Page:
This is a simple re-purposing project for all that foam rubber out there. All you really need is an electric craving knife, some glue and a substrate.
Step 1: Step 1
I found my inspiration for this project in the form of a futon mattress out front of an apartment that was being renovated. It looked fairly new and had a cover on it that was stain free. If you don't want to trash pick, you can usually get really cheap mismatched couch cushions from some retail furniture stores (this was actually how I furnished my first apartment.... two dozen mismatched couch cushions.... ah youth).
P.s. I know this pic is not a futon, I didn't take a picture of my find before I dismantled it, this is just an example.
I made my pieces so that the ends are square, this makes the next step easier.
I should have taken a picture of my living room when I had a hundred of these "foam fries" laying all over. Better yet, I should have taken a picture of my girlfriends face when she came home in the middle of this.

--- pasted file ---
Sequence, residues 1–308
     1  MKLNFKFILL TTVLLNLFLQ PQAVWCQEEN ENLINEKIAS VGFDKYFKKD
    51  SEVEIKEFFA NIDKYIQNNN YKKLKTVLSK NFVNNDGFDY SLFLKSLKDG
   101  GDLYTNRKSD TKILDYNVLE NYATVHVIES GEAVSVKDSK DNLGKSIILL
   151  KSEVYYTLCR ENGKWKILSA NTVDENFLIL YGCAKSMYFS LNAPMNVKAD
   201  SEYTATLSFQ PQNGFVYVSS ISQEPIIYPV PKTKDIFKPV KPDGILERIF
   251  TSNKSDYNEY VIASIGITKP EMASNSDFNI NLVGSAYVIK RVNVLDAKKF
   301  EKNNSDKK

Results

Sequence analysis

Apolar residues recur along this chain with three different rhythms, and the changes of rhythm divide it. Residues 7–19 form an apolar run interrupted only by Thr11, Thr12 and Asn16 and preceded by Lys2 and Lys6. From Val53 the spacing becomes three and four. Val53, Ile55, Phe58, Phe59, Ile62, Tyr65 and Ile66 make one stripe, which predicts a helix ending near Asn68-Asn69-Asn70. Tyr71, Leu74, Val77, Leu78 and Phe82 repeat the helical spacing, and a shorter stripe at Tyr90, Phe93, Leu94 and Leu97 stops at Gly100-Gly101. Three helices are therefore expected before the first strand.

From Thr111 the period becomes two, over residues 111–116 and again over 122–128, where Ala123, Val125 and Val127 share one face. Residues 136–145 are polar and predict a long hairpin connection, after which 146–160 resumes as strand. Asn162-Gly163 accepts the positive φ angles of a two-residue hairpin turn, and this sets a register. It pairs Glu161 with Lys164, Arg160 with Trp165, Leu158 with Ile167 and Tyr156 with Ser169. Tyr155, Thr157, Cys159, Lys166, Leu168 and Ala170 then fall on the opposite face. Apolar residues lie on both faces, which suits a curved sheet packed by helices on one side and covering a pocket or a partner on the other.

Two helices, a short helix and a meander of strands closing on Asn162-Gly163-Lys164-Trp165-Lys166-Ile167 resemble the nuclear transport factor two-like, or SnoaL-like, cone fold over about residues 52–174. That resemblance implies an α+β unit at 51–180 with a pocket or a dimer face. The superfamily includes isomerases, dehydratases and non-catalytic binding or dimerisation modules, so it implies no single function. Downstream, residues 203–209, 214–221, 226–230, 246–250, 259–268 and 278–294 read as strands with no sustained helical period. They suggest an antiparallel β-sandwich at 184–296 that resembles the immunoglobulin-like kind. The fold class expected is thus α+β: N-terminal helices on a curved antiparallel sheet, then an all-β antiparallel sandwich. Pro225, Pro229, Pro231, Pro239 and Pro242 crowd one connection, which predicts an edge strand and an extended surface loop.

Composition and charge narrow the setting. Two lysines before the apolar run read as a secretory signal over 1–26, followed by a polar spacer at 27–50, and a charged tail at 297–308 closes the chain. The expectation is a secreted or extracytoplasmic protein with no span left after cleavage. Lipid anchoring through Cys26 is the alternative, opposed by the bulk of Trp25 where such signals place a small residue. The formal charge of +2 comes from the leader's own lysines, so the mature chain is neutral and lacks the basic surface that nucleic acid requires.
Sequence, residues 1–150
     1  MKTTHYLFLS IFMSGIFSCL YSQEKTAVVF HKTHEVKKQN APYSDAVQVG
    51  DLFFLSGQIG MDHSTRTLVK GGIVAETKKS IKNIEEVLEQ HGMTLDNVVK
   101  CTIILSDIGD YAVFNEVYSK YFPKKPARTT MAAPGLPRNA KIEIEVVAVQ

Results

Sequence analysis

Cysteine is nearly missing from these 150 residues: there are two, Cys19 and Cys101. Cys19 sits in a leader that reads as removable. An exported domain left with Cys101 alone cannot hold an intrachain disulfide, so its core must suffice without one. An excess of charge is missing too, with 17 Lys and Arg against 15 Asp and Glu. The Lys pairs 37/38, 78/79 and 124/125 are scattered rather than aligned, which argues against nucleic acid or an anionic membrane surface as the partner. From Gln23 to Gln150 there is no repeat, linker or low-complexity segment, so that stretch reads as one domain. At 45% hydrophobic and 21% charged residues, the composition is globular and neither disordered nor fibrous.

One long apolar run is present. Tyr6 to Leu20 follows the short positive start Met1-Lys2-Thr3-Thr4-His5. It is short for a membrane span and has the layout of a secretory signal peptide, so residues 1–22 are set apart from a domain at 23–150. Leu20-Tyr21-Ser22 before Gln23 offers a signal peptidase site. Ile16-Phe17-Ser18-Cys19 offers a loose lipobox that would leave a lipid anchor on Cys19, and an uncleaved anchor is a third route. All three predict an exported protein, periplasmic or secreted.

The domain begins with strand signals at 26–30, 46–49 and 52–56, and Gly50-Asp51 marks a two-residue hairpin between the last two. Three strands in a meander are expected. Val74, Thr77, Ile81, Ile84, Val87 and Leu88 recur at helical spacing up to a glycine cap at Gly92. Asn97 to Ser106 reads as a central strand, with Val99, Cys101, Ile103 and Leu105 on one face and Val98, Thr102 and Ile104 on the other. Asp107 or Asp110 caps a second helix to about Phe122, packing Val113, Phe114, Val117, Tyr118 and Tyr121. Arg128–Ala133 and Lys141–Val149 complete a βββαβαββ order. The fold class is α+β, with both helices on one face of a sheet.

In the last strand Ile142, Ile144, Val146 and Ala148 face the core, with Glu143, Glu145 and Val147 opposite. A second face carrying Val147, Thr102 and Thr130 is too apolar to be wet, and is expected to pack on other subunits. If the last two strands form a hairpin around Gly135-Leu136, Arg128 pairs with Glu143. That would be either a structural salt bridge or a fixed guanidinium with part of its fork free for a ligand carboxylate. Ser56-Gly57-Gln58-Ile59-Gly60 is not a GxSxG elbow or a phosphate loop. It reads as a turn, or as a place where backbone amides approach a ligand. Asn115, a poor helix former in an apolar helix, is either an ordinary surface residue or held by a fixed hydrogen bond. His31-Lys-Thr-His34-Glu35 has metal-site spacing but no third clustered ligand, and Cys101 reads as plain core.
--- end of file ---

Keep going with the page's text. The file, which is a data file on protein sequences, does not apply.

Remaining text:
I taped some cardboard to a few right angle brackets to create a chute. Next I used some clamps to secure the knife to the table straight up and down. I then positioned the chute so the blade would cut right down the middle, added some support in the form of literature, groceries and a mini ironing board. You'll have to pull the foam though as it doesn't have enough rigidity to push it.
I credit this setup to the lumber mills in Skyrim, that f#%king game is incredible.
Take your wedges and arrange them on the substrate and glue! A friend of mine suggested that I try regular white elmers since it's cheap and there's next to no fumes, especially because I'm doing this in my living room and it's also the middle of winter.
I actually used corrugated plastic as my substrate so I had to sand it first to get the regular white glue to work. Rubber cement would probably be the optimum adhesive to use here.
There are lots of variations as well, deeper and or differently shaped wedges, different types of foam (although softer is usually better for acoustic damping).
You can also cover them in "acoustically transparent" fabric if you don't like the look of the wedges.
That's about it, have fun.
Love to my fellow Iblers (especially to those who got the Clock Work Orange reference in step 1).